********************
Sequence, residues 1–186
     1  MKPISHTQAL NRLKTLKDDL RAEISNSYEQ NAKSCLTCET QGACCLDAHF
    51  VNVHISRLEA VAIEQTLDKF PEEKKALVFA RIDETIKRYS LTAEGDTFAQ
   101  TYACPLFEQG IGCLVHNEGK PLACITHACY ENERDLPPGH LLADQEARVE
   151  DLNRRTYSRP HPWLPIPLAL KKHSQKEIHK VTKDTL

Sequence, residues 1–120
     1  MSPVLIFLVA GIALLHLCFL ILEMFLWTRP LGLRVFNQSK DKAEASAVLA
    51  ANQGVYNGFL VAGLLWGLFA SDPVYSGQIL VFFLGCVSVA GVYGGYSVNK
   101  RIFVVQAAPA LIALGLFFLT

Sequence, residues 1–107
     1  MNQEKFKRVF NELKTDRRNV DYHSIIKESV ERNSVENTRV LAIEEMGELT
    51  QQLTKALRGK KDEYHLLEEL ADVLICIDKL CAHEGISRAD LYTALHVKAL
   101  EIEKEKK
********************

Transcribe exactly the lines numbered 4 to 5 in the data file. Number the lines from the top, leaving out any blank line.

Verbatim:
   101  TYACPLFEQG IGCLVHNEGK PLACITHACY ENERDLPPGH LLADQEARVE
   151  DLNRRTYSRP HPWLPIPLAL KKHSQKEIHK VTKDTL